Vintage Guitar - June 2018 - open - 19
over a year before joining a local group known as the Versatones
in 1958, which consisted of Don Wilson and Bob Bogle. Edwards
joined on bass and the group was renamed The Ventures before
recording their first hit, "Walk Don't Run," in 1960.
After a couple years as the bass player, Edwards and guitarist Bob
Bogle switched roles. The group knew Nokie was a hot guitarist
when he joined, and eventually it was agreed he would be an asset
as featured soloist. With him on lead and new drummer Mel Taylor
joining the ranks, The Ventures were essentially a different band.
Many fans agree that the 1963-'68 era represents the high-water mark
for the band, and Edwards' cutting tone (courtesy of their Mosrite
Ventures model guitars) along with his hot country-meets-shred
licks established him as one of the biggest guitar heroes of the time.
Though the band's biggest-selling singles came from before and
after Edwards' tenure as lead guitarist, Ventures albums in the mid
'60s sold by the truckload and inspired countless garage bands and
Tracks like "Journey To The Stars," "Diamond Head," "Slaughter
On 10th Avenue," "Walk Don't Run '64," "Driving Guitars," "Bumble
Bee Twist," "The 2,000 Pound Bee," "Ginza Lights," "House Of The
Rising Sun," "Caravan" and "Surf Rider" (the latter an Edwards
composition that decades later was featured on the Pulp Fiction
soundtrack) set the bar high, and secured Edwards' legacy as
one of the greatest exponents of guitar instrumental music. The
Ventures' Play Guitar With... series of instructional albums also
proved highly influential to thousands of kids in the '60s.
Edwards was an early experimenter with guitar effects, using
a fuzz device made by steel guitarist Red Rhodes on "The 2000
Pound Bee" in 1962, and creating a wah-like effect with a DeArmond Volume and Tone pedal on "Pedal Pusher," in '65. He was
also an old-school proponent of simple guitar tricks to entertain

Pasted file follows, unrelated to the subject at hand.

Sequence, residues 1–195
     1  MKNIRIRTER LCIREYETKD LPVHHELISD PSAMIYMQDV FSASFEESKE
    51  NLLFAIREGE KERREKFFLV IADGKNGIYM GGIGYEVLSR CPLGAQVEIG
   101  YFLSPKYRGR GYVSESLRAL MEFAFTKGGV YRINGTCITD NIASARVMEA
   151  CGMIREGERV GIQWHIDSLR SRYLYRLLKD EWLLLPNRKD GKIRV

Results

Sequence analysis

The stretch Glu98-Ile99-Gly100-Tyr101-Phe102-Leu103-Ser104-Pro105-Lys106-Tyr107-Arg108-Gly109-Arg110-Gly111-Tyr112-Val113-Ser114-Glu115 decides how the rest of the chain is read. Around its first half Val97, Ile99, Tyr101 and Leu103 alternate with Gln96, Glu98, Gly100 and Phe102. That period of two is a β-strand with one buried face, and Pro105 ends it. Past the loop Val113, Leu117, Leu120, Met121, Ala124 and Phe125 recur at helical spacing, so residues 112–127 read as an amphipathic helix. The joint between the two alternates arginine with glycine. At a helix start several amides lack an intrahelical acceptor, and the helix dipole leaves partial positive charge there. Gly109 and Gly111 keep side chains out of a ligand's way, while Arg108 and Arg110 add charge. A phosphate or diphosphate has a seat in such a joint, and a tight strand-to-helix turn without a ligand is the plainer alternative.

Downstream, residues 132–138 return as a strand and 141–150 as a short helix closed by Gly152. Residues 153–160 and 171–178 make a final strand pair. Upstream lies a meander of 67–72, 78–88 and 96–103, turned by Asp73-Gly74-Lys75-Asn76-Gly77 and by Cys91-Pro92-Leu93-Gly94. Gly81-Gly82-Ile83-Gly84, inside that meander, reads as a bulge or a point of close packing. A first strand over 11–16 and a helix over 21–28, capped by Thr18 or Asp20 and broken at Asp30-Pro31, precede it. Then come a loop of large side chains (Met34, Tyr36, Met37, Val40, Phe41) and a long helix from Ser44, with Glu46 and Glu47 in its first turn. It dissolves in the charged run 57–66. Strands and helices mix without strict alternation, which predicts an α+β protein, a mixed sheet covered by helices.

audiences, such as playing the strings between the bridge and
tailpiece (this unusual sound can be heard on many live versions
of "Wooly Bully" recorded in the '60s), and pick-scratching against
the wound strings (heard to great effect on "He Never Came Back"
on the Ventures In Space album). It can also be said that he took use
of the vibrato to new levels, inventing the "dive bomb" technique
he used liberally on many Ventures recordings in the '60s (listen
to the Live in Japan '65 version of "Driving Guitars" to hear an
extreme version of this effect).
Edwards left the Ventures in '68, but returned from '73 to '84, after
which he would join them off and on over the years, splitting time
with guitarist Gerry McGee, and occasionally performing together.
The Ventures had huge success in Japan, where they experienced
Beatles-like admiration. In addition to releasing a host of Japanonly recordings, the group toured there for decades, filling large
venues. Edwards toured Japan as a solo artist during and after his
tenure with The Ventures, and last played there in 2015.
The Ventures were inducted to the Pacific Northwest Hall of
Fame in 1999, the Grammy Hall of Fame in 2006, and the Rock
and Roll Hall of Fame in '08. In '93, they received the Guitar Player
magazine Lifetime Achievement Award. All told, they sold more
than 100 million records.
In recent years, Edwards had continued health problems and
was being treated in Yuma, Arizona, where he lived. He had been
hospitalized during the Christmas holiday and eventually succumbed to complications. He is survived by his wife, Judy, sister
Louise Jensen, daughter Tina, four stepchildren, 25 grandchildren,
eight great-grandchildren, and four great-great-grandchildren. He
is interred in a maple urn made by builders at Hitchhiker Guitars.
- Deke Dickerson